“Ramdev’s widespread popularity, propelled by televised yoga camps, has provided the brand push for Patanjali,” says Devangshu Dutta, chief executive of consulting firm Third Eyesight. Pointing out that over the years Patanjali has successfully built the momentum to “displace previous ayurvedic market leaders in the consumer’s mind and create a credible alternative to multinational brands,” Dutta adds that Patanjali’s “Indianness” is a challenge to multinationals, while its sheer size and penetration is a challenge for other Indian companies. “A flat management structure enables rapid decision-making that allows the business to be extremely flexible and aggressive when it needs to be.”
On the controversies surrounding Ramdev, Dutta notes that worldwide, successful brands are built more on public relations than on advertising, and controversy is a very strong driver of PR. “In that sense, the Patanjali group has had rich dividends from its approach to PR. Starting from the image of a swami in saffron robes propagating consumer products to using food safety concerns around market leaders’ products to their advantage and openly taking a swadeshi [nationalistic] stand against multinational brands, the Patanjali group’s PR voice is strong and clear. Whether this will remain so as the business grows is something only time will tell.” (In 2015, when Nestle’s Maggi noodle brand was embroiled in controversy over high levels of lead and MSG, Patanjali quickly launched instant noodles to plug the demand gap.)
Another strong plank of Patanjali is good quality at disruptive pricing. Most Patanjali products are priced around 15% to 30% lower than competition. In a media interview, Balkrishna said: “We buy raw material directly from farmers and we work on a single channel right from the farmer to the end consumer and that is the real reason why our quality and costs are under control.” Other factors that contribute to Patanjali’s competitive pricing include lower overheads (salaries and administrative costs, for instance, are much lower than those of regular corporates), lower distribution margins and lower advertising and promotional spending.
Interestingly, while its advertising costs are lower than others (according to Balkrishna the company’s ad-spend is less than 3% of turnover), Patanjali is among the top advertisers in the country. Balkrishna attributes this to tough negotiations. “Differentiated advertising” has been a “pivotal factor” propelling Patanjali into the limelight, notes Edelweiss’ Roy. He points out that Patanjali ads highlight the pricing difference with competitors, educate on the benefits of the product, emphasize that Patanjali is an Indian firm and claim that unlike MNCs, Patanjali is extremely involved in charity and nation building. “From our survey it has emerged that these advertisements create a buzz among the target audience and encourage trials,” says Roy.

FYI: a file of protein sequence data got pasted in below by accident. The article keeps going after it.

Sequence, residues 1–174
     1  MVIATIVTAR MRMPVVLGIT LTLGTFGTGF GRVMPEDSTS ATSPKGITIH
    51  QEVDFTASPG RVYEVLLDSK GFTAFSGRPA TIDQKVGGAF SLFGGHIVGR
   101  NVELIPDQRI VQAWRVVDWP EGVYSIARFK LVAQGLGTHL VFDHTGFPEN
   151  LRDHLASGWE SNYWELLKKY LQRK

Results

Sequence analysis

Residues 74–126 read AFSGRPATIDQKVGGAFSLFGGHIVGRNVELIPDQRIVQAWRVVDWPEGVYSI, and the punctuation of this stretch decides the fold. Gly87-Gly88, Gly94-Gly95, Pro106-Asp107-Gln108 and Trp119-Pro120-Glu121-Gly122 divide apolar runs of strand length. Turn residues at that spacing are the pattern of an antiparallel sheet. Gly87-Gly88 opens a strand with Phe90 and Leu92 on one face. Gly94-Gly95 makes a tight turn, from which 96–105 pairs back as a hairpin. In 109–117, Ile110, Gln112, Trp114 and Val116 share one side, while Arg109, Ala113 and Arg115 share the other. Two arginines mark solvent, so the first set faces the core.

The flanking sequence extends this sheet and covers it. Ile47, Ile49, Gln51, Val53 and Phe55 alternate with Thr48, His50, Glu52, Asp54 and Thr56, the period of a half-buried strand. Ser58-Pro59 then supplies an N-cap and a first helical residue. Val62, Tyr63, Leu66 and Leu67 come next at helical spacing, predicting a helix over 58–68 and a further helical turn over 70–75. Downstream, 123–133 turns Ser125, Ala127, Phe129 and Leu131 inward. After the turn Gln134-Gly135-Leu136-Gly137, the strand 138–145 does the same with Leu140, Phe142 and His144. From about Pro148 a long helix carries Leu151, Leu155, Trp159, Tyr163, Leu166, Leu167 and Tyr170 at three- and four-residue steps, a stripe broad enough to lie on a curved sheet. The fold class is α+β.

IIMB’s Kumar points out that with its positioning of “value for money,” Patanjali would be successful in several categories “due to the simple reason that the penetration of brands in most categories is still low in an emerging economy.” Bisen of Technopak Advisors feels one reason for Patanjali’s success is “the subtle shift in consumer lifestyle and needs that manifested in a latent demand that other companies missed out.” Another reason is the “package of wellness, nationalism and natural synced with the social and political narrative” of the country. Bisen adds: “Positioning the quality, purity and natural promise at value pricing created a strong demand pull. This pull was aptly serviced through an ecosystem of distribution that supported fast proliferation in the market. No other FMCG major earlier used exclusive brand outlets for their product range.”
Going forward, does Patanjali have the potential to make a big dent in the performance of other players? It’s a mixed bag, says Bisen. Pointing out that it is easier to grow in a few categories and reach scale, he says: “In the FMCG space, if the initial idea is a success, the challenge comes in replicating the idea to other categories, managing growth and managing category extensions. Also, the leading FMCG majors have all spent significant time now to appreciate Patanjali as a key competition and have developed strong counter-offensives. Therefore, the initial years of easy march may now hit some [roadblocks].” Potential threats for Patanjali, Bisen notes, include “spreading itself too thin, [a] change in the social and political narrative that dilutes the nationalism theme, and strong response from competition.”